|Zebra Finch - Photo by Orchids love rainwater|
In the Australian grasslands, they have a small bird called Zebra Finch. Those finches come in a wide variety. Because of the strict policies of exportation of animals that Australia has, most of the finches are not born there. Zebra finches are very colorful birds, the males being more colorful than the females. Because of the ease in breeding these birds in captivity and the very attractive coloring, they have become very popular.
Like many other beautiful finches, the Zebra Finch has a delightful chirping song, a soft chirping that is a bit different but pleasing. A lot of finch owners find the sound pleasant and sweet. Studies have shown that the male finch is more vocal of the two sexes.
Although the zebra finch is very social with other birds they are quite shy around people. Finches are not known for liking to be held, the finch really doesn't like to be held or petted. So they are beautiful birds but if you are buying one because you would like to hold it, the zebra finch is not recommended. Finches in the wild do tend to flock together with other finches of the like, this is the reason they are so social in captivity. If you think of purchasing a finch, you might consider buying in pairs as to ensure they are happy.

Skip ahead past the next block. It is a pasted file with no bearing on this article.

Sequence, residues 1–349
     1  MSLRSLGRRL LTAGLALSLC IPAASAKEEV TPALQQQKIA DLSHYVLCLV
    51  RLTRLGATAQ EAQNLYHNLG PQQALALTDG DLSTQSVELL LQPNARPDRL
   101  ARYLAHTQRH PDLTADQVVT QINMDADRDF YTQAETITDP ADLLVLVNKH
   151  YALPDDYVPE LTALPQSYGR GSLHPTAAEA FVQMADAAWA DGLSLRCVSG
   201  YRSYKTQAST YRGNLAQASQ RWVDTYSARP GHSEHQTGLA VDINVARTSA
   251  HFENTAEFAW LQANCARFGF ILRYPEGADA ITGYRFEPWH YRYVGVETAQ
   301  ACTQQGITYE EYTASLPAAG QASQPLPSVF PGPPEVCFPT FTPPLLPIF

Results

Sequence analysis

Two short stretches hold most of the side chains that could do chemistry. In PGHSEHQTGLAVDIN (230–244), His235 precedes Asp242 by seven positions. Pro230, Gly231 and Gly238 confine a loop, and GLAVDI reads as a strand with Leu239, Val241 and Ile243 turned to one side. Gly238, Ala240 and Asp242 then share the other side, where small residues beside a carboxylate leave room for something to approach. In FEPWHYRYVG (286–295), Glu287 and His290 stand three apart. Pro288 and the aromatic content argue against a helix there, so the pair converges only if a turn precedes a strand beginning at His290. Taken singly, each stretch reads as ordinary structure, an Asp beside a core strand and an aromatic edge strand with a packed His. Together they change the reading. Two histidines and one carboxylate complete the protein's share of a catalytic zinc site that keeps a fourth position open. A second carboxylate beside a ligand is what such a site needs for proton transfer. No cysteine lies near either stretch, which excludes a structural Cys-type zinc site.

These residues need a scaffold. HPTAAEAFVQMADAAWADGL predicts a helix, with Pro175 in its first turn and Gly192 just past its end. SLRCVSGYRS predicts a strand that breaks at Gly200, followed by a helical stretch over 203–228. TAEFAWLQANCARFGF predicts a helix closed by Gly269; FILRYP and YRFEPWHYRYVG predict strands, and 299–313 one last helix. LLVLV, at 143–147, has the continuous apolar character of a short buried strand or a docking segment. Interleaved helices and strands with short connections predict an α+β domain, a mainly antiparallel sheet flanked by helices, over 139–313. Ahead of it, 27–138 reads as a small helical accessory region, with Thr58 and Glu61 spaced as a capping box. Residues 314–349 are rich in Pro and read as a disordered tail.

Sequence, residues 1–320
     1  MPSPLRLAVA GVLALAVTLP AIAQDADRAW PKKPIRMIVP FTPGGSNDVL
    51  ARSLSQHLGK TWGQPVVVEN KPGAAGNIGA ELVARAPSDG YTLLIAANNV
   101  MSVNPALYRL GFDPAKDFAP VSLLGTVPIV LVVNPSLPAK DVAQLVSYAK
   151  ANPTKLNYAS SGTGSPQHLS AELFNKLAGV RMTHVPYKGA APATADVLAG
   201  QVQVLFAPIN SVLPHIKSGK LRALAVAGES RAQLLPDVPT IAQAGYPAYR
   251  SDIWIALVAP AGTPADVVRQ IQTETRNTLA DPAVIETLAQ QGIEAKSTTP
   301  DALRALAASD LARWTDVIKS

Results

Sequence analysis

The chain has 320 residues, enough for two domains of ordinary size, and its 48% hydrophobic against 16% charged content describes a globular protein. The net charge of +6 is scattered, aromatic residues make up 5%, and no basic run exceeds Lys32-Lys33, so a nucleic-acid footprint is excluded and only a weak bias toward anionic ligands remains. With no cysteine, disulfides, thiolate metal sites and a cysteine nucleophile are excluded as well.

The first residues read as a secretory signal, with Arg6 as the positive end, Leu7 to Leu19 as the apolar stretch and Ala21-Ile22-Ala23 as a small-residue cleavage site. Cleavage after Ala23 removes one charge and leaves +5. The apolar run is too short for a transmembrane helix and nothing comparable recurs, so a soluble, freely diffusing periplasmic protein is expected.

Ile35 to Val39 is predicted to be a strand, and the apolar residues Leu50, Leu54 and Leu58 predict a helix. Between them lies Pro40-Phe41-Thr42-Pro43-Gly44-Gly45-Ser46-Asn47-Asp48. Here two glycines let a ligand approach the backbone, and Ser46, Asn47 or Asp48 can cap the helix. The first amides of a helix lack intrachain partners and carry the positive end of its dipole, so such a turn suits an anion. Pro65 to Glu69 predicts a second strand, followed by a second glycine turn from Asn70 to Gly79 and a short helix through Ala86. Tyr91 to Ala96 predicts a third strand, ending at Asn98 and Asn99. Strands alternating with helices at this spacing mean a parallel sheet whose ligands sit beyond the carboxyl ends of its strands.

Because zebra finches love to fly around it is recommended you purchase a large cage that can permit this activity. Nothing less than 25 inches across is best, you can find these sizes in affordable metal or wooden cages. Also, remember that just because a finch is small in size, do not underestimate their capabilities for escaping. If the bars are not close enough together the finch will escape. So it is vital to make sure the cage bar gape is adequate. If at all possible please avoid a cage made of brass, or coated in brass, this is toxic for your birds.